How 3D Printing Impacts Logistics and Supply Chains- by Abhilasha Satpathy, DCMME Center Graduate Student Assistant

In recent years, 3D printing has brought manufacturing capabilities to several remote, hard-to-access areas across the globe. DHL, for instance, tells us that the U.S. Navy 3D prints drones on-demand on board its oceangoing vessels. NASA, meanwhile, is working to develop a 3D printer for the International Space Station. Shell is also experimenting with this remote manufacturing method on offshore oil platforms.

Pay-for-use or nonprofit fabrication shops are becoming more popular as well, offering public access to 3D printing tools, and some websites have begun aggregating 3D printing designs, allowing customers to compare and select printing services that work for their specific needs.These initiatives are disrupting the traditional manufacturing supply chain in several ways. In researching warehouse stocking practices in Amsterdam, DiManEx found that approximately 80% of stored products were sold only twice yearly, which led to write-offs, scrapping, and wasted materials. With on-demand, on-site printing, companies can move away from having to store excess spare parts and can instead deliver parts quickly and efficiently, whenever they’re required. Mercedes-Benz Trucks, for instance, allows customers to 3D print more than 30 cargo truck spare parts.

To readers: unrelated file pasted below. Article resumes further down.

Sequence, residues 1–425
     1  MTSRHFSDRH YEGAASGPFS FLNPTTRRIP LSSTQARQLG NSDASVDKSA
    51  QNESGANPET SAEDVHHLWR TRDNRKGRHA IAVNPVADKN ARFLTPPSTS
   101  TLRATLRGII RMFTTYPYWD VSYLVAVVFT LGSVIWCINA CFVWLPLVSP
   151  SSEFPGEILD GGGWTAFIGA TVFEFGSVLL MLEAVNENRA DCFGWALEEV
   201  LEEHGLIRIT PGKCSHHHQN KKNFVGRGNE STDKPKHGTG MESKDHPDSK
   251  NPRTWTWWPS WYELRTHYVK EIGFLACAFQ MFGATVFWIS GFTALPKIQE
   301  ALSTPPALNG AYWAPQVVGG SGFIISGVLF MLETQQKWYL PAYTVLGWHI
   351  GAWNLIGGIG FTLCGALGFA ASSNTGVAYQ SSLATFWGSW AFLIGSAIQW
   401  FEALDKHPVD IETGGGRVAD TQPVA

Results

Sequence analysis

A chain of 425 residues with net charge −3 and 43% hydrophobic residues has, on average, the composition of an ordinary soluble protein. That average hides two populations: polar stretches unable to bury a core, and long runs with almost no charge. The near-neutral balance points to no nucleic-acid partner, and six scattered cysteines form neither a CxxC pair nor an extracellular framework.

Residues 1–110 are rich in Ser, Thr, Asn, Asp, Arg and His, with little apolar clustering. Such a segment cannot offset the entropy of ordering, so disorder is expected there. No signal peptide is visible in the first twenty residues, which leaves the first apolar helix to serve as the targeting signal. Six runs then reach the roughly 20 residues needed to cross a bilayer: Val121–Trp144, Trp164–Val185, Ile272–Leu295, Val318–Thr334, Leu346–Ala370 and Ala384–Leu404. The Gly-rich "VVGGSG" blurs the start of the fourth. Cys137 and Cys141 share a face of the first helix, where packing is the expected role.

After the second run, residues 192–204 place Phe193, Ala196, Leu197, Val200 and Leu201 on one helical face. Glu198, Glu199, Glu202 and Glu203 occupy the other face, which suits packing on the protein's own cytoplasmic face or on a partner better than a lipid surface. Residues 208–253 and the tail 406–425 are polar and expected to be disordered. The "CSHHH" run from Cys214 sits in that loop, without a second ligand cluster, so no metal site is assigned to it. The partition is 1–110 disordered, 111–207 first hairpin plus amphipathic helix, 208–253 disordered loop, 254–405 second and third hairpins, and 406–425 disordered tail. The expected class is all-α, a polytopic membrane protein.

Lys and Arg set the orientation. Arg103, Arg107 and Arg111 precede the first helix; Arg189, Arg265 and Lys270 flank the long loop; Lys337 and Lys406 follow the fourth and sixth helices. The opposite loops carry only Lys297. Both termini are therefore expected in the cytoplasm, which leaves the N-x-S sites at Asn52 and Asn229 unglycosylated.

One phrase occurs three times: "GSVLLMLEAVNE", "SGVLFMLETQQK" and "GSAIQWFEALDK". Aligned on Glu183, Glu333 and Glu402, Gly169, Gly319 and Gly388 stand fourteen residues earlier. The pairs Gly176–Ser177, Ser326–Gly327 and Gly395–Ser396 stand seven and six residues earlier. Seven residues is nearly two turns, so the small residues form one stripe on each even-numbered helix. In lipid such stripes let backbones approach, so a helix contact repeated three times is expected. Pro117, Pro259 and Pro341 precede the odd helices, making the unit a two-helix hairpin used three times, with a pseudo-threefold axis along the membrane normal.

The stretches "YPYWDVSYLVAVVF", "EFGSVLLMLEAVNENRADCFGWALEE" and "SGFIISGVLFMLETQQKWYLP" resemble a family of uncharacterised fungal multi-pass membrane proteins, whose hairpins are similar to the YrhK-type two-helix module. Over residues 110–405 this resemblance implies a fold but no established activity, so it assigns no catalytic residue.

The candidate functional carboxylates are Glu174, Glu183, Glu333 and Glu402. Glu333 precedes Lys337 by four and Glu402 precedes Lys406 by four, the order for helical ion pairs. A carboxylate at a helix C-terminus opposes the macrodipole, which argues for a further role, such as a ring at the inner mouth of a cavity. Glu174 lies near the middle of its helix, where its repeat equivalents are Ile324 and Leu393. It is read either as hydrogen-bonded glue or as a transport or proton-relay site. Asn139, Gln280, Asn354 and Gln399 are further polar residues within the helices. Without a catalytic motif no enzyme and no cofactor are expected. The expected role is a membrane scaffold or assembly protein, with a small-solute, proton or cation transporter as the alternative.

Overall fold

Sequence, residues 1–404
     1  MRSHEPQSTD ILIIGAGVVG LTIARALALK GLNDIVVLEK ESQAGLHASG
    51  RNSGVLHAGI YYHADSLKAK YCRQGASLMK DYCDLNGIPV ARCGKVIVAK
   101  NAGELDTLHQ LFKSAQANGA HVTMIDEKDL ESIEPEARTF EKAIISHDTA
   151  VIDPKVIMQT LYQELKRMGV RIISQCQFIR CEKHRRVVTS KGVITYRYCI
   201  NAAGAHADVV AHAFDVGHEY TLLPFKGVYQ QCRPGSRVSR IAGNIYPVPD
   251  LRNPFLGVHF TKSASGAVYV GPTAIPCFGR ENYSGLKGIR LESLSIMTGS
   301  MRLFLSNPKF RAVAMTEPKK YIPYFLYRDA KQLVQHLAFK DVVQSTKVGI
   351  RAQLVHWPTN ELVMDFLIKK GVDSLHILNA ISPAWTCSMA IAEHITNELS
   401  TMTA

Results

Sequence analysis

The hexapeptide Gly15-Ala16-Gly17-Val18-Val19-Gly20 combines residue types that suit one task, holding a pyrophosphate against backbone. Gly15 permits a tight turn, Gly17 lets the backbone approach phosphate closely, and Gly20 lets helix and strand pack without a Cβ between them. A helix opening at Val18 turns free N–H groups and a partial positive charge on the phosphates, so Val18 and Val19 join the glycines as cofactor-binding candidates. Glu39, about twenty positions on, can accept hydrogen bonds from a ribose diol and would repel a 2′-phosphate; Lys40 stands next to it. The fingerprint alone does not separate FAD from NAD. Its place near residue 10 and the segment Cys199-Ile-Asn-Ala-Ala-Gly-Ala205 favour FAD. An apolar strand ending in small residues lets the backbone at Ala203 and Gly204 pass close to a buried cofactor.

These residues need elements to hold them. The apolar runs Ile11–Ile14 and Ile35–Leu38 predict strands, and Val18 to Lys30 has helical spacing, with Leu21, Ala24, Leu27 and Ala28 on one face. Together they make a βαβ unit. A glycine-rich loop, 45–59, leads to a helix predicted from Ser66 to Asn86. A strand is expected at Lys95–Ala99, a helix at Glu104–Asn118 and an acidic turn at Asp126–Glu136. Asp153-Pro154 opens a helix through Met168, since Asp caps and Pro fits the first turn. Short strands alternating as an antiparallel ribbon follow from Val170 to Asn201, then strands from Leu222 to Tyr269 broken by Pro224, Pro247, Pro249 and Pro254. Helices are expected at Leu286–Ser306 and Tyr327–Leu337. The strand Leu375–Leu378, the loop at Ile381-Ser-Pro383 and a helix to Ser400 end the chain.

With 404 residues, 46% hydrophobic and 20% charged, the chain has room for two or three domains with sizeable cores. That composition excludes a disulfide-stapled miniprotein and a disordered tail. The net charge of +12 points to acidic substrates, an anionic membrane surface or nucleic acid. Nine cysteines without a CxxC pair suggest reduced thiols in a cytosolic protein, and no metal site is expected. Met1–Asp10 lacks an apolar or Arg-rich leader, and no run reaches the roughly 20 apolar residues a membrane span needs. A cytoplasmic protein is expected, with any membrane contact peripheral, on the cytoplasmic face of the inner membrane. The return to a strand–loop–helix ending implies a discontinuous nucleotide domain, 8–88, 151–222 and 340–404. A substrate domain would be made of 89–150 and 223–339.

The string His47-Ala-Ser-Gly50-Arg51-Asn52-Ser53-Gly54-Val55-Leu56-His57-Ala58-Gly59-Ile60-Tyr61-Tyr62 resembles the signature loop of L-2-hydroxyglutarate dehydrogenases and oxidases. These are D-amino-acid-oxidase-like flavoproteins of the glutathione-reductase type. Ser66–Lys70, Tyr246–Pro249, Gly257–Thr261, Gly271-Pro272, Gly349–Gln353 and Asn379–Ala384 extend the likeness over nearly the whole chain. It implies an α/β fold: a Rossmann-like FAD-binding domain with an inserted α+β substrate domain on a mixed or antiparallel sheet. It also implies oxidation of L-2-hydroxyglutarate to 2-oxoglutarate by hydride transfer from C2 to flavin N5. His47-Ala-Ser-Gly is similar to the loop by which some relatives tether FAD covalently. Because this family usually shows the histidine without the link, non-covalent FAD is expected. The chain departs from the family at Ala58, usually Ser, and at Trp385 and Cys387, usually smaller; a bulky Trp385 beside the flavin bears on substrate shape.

As 3D printing becomes more and more prevalent, expect to see increased supplier consolidation as well. For instance, logistics providers may offer added value by being the ones to process, print, and deliver 3D parts quickly and cheaply. In this way, the typical months-long process of designing, sourcing, and producing component parts can be cut down drastically. In the future, 3D printing warehouses may also take on the responsibility of material sourcing in addition to 3D end-to-end design, production, and delivery. As an example, consider Amazon’s bet on this technology: The company has patented a truck fitted with 3D printers that would allow for sophisticated mobile manufacturing capabilities. Increased responsiveness is also likely, as 3D printers allow for smaller batch sizes, which can positively impact quality control and open the door for expedited product development.

Finally, this kind of technological innovation is likely to bring about advanced customization options, as users will be able to select various aspects of the design, material, shape, size, packaging, and so on. And in gaining the power to make and deliver their own 3D-printed products, customers will no longer be limited to what suppliers themselves design and produce.

 

References:

3D Printing Finds Its Place in the Supply Chain. (n.d.). Retrieved from https://news.thomasnet.com/featured/3d-printing-finds-its-place-in-the-supply-chain/

 

Questions:

  1. How is 3D printing bringing about advanced customization options into supply chains ?
  2. How is 3D printing reducing wastage in supply chains ?
  3. How is 3D printing improving the efficiencies of supply chains ?